As a teenager, I never thought about my relationship with money. I was young, with a privileged life, and my father provided for all my needs and wants. Once, when I was in secondary school, my father could not pay my tuition on time and it bothered me because I did not want to be kicked out of school. But he reassured me he would eventually pay, and he stayed true to his word. So it always stuck with me that my father paid for everything in my life and I could leave all financial issues to him. All of that changed when I came to Canada as an international student.
For the first two years of my life in Canada. I carried on the same financial mindset from my teenage years. My father paid for my tuition and most of my living expenses while I worked to gain experience and some pocket change. However, in the second year of university, things changed drastically. My father was dealing with some financial crises and did not want to worry me about how drastic his situation was. My tuition of over $18,000 for the year had not been paid, and the school was constantly calling me to get it sorted out. My father reassured me he would pay, and I did not question him, as this was the only way I knew how to confront money issues. I trusted his promise that the fees will eventually get paid, just like in secondary school. Yet, this did not happen and further, my school did not let me register for the next semester until I paid what I owed. After months of waiting for him to pay the funds, I started panicking. Since the university had restricted my course registration, I stop responding to their calls.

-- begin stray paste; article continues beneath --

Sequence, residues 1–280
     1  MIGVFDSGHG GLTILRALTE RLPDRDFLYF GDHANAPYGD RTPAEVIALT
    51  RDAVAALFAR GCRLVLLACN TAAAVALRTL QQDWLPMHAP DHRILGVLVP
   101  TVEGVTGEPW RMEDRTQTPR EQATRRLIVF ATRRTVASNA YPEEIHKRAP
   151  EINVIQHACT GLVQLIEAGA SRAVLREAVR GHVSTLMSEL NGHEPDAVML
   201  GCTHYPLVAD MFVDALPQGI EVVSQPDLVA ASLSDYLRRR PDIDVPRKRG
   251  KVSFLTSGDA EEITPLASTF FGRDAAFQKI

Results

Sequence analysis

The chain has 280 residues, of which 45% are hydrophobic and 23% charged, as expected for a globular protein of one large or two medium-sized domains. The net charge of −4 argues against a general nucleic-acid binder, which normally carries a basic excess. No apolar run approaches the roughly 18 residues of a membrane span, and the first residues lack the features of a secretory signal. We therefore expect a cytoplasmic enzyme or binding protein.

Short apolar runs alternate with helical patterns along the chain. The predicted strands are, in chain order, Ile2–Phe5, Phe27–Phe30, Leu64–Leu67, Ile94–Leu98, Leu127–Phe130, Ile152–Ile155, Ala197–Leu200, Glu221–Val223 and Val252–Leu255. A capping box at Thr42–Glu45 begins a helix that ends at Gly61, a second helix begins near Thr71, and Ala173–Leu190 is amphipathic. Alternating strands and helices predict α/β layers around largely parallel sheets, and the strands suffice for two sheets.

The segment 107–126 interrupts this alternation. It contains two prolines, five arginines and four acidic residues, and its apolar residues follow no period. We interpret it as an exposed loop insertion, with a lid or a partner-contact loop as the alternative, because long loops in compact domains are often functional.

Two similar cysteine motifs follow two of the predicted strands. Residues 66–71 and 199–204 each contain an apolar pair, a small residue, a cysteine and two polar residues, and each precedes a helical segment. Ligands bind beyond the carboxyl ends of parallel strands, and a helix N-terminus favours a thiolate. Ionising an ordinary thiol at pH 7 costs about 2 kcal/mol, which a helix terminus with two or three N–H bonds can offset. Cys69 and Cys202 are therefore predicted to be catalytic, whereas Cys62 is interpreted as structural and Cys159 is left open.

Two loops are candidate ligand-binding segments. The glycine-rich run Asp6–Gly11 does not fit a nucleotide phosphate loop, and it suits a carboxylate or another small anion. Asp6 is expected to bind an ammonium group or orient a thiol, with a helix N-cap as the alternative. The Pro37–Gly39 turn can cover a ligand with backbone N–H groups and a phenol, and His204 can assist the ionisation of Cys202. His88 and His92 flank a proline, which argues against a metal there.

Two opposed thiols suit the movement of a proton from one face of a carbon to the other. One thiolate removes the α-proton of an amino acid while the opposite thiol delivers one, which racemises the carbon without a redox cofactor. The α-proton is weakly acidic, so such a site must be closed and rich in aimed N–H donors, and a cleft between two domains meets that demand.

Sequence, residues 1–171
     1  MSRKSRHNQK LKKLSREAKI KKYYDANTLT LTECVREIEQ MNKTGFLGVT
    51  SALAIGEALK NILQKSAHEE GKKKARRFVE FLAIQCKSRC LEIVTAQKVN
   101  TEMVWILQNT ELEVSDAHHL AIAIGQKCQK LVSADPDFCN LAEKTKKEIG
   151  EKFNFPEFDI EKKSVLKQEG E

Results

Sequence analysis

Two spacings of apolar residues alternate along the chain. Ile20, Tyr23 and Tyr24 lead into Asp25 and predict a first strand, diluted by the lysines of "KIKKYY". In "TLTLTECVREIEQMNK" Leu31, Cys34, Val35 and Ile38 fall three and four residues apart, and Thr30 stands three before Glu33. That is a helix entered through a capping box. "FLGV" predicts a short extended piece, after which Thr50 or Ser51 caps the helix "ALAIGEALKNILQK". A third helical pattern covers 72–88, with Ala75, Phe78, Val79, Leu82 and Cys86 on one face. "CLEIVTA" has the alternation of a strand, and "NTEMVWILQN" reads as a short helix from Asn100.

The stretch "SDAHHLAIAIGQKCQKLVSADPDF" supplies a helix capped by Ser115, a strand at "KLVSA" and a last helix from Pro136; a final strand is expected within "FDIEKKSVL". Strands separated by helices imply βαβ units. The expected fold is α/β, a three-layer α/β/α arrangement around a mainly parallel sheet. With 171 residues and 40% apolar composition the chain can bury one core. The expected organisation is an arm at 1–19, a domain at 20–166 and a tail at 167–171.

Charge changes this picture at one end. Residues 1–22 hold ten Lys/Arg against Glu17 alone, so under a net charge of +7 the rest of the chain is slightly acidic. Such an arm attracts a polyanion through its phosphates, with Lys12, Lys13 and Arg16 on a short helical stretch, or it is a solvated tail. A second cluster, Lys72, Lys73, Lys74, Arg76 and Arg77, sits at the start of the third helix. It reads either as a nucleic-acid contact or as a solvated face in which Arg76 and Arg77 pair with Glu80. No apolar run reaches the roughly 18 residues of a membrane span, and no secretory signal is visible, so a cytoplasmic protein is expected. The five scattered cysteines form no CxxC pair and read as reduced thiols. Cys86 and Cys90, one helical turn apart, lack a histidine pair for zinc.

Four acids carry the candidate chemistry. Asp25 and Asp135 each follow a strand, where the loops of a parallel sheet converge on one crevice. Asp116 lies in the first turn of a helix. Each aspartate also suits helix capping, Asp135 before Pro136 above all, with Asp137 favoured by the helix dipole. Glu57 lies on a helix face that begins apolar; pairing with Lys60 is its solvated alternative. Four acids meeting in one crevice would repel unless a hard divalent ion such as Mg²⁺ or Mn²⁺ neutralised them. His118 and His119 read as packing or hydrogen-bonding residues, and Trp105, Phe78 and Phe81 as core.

While I was still waiting for my dad to save me from my financial misery, I received a phone call from a private number, asking me to pay up what I owed. I asked my Canadian friends if they knew of these types of calls. This was the first time I heard about "collections". My friends explained that my debt was now with collections and this would negatively affect my credit. "What was credit? And why should I care about it?" "Credit affects my ability to get a house, a car, a phone," they explained. Almost all conveniences in Canada happen through the credit system. But I was not ready to acknowledge how dire my financial situation was. I had more pressing issues to deal with. I was not in school, and my work permit was going to expire in about six months. Canada would deport me if I could not register in school for the next semester, but the university would not let me back in until I paid what I owed. So I decided not to respond to further calls from collections. I foolishly assumed that if I ignored them long enough, everything would go away. Boy, was I wrong!
In the not-so-distant future, Collections slapped me with a lawsuit. They sued me for the tuition that I owed to my university. The lawsuit also contained a transcript that documented all the many times I told my university I was going to pay and I did not pay. My situation was unravelling. This information was like the added fuel to the inferno that was currently happening in my life. Yet, this lawsuit was a defining and eye-opening moment for me. I realized I needed to take charge of my financial situation, and that my father could not help me even though he wanted to. I took a moment to re-assess my entire plight and decided I needed to stop waiting to be saved and address the lawsuit, my debt and make strategic decisions about my education.
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